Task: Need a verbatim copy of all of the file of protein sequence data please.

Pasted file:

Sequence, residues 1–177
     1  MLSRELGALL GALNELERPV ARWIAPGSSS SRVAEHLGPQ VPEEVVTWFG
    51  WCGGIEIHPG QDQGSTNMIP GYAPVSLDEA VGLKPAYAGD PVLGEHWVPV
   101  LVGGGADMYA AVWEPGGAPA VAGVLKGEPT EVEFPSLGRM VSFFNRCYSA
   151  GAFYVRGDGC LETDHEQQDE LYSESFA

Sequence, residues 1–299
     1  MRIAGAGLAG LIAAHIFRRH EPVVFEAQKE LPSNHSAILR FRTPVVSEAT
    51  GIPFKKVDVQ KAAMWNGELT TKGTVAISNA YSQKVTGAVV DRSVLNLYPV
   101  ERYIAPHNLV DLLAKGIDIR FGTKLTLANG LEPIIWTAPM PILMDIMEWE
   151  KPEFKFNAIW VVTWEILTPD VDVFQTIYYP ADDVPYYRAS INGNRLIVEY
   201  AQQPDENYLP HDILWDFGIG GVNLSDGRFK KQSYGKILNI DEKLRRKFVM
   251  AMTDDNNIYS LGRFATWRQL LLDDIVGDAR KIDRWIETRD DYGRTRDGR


Sequence, residues 1–177
     1  MLSRELGALL GALNELERPV ARWIAPGSSS SRVAEHLGPQ VPEEVVTWFG
    51  WCGGIEIHPG QDQGSTNMIP GYAPVSLDEA VGLKPAYAGD PVLGEHWVPV
   101  LVGGGADMYA AVWEPGGAPA VAGVLKGEPT EVEFPSLGRM VSFFNRCYSA
   151  GAFYVRGDGC LETDHEQQDE LYSESFA

Sequence, residues 1–299
     1  MRIAGAGLAG LIAAHIFRRH EPVVFEAQKE LPSNHSAILR FRTPVVSEAT
    51  GIPFKKVDVQ KAAMWNGELT TKGTVAISNA YSQKVTGAVV DRSVLNLYPV
   101  ERYIAPHNLV DLLAKGIDIR FGTKLTLANG LEPIIWTAPM PILMDIMEWE
   151  KPEFKFNAIW VVTWEILTPD VDVFQTIYYP ADDVPYYRAS INGNRLIVEY
   201  AQQPDENYLP HDILWDFGIG GVNLSDGRFK KQSYGKILNI DEKLRRKFVM
   251  AMTDDNNIYS LGRFATWRQL LLDDIVGDAR KIDRWIETRD DYGRTRDGR